Claire Brook Award for 2021 bestowed on two publications

The Barry S. Brook Center for Music Research and Documentation at the Graduate Center of the City University of New York is delighted to bestow the Claire Brook Award on two outstanding publications from 2020:

Werner Telesko, Susana Zapke, Stefan Schmidl, Beethoven visuell: Der Komponist im Spiegel bildlicher Vorstellungswelten [Beethoven, visually: The composer in the mirror of visual worlds of imagination] (Wien: Hollitzer, 2020), 252 p. ISBN 978-3-99012-791-9

Publishing another book on the occasion of the 250th anniversary of the birth of Ludwig van Beethoven requires courage. Werner Telesko, Susana Zapke, and Stefan Schmidl found this courage and produced a remarkable book focusing on the reception of Beethoven in visual culture.

The three thematic complexes concern Beethoven in nature on the one hand, in his concrete material environment on the other hand, and finally in connection with immaterial values ​​and sacred ideas. Within the framework of these three categories, the authors examined many media that have contributed to the formation of a visual and textual “exaggeration” so characteristic of the Beethoven phenomenon. Even if the image documents are the focus of the publication, it should always be clear that these are to be viewed in close historical and contextual relation to the literary and philosophical discourses on Beethoven. 

In his essay, Werner Telesko deals with the broad topic of Beethoven’s connections with the natural environment and, above all, takes up the question according to the different picture types from an art-historical perspective, whereby it becomes clear that the philosophical and literary debates of the respective time influence the picture production and are thus able to explain the metaphors of nature as Beethoven’s central interpretive category. Susana Zapke focuses on locating Beethoven in the interior as a creative space of the genius that can be read allegorically in a variety of ways, which in turn functions as a complement to the outside space and to nature in the sense of the culture-nature discourse of the Enlightenment. The interior becomes a field of interpretation for the psychological physiognomy of the artist and his work, revealing bourgeois-influenced thinking and pictorial traditions of the respective cultural-historical epoch. Finally, Stefan Schmidl deals with the localization of the composer in the immaterial space and points to some little-known projections of Beethoven in the spheres of the unreal, sacred and timeless, whereby virtuality as a means of representing visualizations always pushes the boundaries of hallucination, the dream and the visionary touched again.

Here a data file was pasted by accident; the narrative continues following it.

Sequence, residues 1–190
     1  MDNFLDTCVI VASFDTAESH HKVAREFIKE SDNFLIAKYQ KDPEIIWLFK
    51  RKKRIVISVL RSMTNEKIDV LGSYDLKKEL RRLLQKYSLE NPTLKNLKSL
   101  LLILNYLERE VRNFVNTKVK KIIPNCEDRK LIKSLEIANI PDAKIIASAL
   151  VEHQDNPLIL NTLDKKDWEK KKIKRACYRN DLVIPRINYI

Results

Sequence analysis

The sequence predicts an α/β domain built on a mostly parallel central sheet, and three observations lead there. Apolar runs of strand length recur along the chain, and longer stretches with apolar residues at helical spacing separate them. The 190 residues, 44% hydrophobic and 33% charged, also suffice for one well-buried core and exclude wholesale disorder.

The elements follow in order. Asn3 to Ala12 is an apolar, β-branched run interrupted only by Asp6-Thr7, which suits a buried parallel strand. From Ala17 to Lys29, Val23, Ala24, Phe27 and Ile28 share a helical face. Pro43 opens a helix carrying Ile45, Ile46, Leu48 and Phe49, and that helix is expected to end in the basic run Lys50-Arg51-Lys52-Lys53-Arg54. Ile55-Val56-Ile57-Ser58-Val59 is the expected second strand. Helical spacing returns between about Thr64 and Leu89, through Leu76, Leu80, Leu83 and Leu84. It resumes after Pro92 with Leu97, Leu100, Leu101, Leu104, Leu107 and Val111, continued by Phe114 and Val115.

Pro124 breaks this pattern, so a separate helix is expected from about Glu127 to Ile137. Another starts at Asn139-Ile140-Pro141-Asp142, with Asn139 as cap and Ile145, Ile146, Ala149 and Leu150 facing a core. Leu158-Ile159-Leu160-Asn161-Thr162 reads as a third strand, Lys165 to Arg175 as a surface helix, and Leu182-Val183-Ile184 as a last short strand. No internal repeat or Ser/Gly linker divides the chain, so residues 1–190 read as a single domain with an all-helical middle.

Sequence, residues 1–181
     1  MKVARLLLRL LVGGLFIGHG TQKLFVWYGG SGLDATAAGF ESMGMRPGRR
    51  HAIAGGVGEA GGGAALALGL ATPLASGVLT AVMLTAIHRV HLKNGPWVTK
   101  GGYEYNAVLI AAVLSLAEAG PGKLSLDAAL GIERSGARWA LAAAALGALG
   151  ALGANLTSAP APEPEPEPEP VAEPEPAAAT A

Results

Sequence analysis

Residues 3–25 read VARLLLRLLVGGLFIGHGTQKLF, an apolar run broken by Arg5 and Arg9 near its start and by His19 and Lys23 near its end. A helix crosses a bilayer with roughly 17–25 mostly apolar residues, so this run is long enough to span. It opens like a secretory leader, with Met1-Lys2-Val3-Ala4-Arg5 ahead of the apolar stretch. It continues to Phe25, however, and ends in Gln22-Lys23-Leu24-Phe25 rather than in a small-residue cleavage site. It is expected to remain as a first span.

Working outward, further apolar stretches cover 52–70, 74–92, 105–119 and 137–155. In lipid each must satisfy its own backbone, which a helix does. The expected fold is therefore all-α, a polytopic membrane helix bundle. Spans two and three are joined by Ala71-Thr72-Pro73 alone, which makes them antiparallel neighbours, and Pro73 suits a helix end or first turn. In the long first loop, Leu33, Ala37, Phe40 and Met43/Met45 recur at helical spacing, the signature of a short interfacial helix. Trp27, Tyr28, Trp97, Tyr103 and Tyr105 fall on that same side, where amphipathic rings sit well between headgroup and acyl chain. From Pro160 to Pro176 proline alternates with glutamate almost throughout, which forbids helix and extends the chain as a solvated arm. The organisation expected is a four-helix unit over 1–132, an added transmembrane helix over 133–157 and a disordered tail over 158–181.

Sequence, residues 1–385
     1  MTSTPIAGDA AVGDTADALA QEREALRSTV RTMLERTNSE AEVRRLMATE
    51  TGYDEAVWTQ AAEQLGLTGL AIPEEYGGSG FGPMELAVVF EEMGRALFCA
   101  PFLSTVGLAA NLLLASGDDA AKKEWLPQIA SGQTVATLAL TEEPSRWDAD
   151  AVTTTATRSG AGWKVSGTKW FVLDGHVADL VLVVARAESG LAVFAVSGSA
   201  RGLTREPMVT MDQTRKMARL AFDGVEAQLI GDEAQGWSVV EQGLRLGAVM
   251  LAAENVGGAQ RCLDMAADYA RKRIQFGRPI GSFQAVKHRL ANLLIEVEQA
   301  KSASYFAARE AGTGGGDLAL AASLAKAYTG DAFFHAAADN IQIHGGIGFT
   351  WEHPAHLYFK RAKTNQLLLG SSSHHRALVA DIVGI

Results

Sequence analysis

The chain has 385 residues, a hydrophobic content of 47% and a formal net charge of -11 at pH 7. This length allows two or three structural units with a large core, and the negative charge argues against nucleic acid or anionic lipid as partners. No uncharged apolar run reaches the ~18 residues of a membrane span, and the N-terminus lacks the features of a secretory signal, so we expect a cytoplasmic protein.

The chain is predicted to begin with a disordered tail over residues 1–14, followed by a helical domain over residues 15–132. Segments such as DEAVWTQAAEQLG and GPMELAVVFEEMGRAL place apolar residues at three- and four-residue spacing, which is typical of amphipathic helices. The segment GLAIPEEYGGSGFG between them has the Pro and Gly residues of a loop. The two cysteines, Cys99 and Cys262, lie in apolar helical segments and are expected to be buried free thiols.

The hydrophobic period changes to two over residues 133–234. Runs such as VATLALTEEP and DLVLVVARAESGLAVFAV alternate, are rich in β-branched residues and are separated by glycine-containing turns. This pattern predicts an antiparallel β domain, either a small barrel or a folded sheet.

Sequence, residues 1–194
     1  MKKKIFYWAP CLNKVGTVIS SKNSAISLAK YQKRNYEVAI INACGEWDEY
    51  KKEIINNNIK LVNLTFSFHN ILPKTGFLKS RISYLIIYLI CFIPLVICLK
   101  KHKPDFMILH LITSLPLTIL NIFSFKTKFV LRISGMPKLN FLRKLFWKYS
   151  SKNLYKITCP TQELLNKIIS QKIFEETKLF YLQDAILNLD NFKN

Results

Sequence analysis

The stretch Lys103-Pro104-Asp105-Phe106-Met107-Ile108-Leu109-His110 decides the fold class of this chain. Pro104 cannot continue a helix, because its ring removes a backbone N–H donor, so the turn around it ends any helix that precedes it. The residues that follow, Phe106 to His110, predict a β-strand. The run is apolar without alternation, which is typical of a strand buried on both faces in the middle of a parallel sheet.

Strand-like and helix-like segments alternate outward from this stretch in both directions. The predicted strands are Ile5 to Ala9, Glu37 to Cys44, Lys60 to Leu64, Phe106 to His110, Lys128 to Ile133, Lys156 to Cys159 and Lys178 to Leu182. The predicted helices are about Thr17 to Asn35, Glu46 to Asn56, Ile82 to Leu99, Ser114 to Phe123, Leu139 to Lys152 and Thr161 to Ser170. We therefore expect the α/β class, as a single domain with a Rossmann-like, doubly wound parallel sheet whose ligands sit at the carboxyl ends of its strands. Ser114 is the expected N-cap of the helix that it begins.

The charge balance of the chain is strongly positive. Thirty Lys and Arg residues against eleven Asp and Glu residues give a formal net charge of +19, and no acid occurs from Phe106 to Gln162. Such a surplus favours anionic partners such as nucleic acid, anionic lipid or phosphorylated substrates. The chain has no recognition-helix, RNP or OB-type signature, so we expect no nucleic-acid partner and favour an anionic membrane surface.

Michael Burden & Jennifer Thorp, eds., With a grace not to be captured: Representing the Georgian theatrical dancer, 1760-1830. Music and Visual Cultures 3 (Turnhout: Brepols, 2020), 198 p. ​ISBN 978-2-503-58346-3.​

Dancers performing on the London stage between 1760 and 1830 relied on visual impact for their success, whether in serious, heroic, or semi-character roles for the larger theaters, or in circus acts for the illegitimate venues. Some of those dancers also saw portraiture as a chance to promote their respectability–or disguise their lack of it–and to recast their image in new and interesting ways. Dancers were widely travelled and had often worked in Europe before coming to London, in an international dimension reflected by both English and European artists–the likes of Gainsborough, Hogarth, Perronneau. Pesne, and Reynolds—who painted their portraits in oils and pastels. Further down the social scale, some of the dancers who performed daring circus acts and agile acrobatics saw their fame burgeon in the likenesses put out by such engravers and print-sellers as Bartolozzi and Sayers. Even those portraits which are no longer extant would have been important to the original sitter, and those portraits which have survived were clearly cherished. The chapters in the volume explore what it meant to the dancer concerned to have a portrait, either grand or modest, how it was exploited as self-advertisement either by the dancer or as a commercial initiative by the artist and the print trade, and how it helped to produce many more images of dancers than might be expected.

The volume includes the following contributions:

Shearer West, Portraiture and the Import of Dancers in Eighteenth-Century London
​James Harriman-Smith, Garrick’s Muse? Eva Maria Veigel and her Husband
Jennifer Thorp, Portraits of Jean-Georges Noverre
Judith Milhous, Dancers Acting in 1781: The Vestris, père et fils, Adelaide Simonet, and Giovanna Baccelli
Joanna Jarvis, Natural Beauty or ‘Paint-Painted’? Giovanna Baccelli by Thomas Gainsborough
Samantha Owens, ‘Grace, Beauty, and Surprising Agility’: Representations of Barbarina Campanini, 1742–48
Keith Cavers, Portraying Heroic Masculinity: James Harvey D’Egville on Stage
Joe Lockwood, Philip Astley and the Amphitheatre
Michael Burden, Tumbling Images: Carlo Antonio Delpini at Work

Read about The Claire Brook Award and Claire Brook 

Read about the award committee.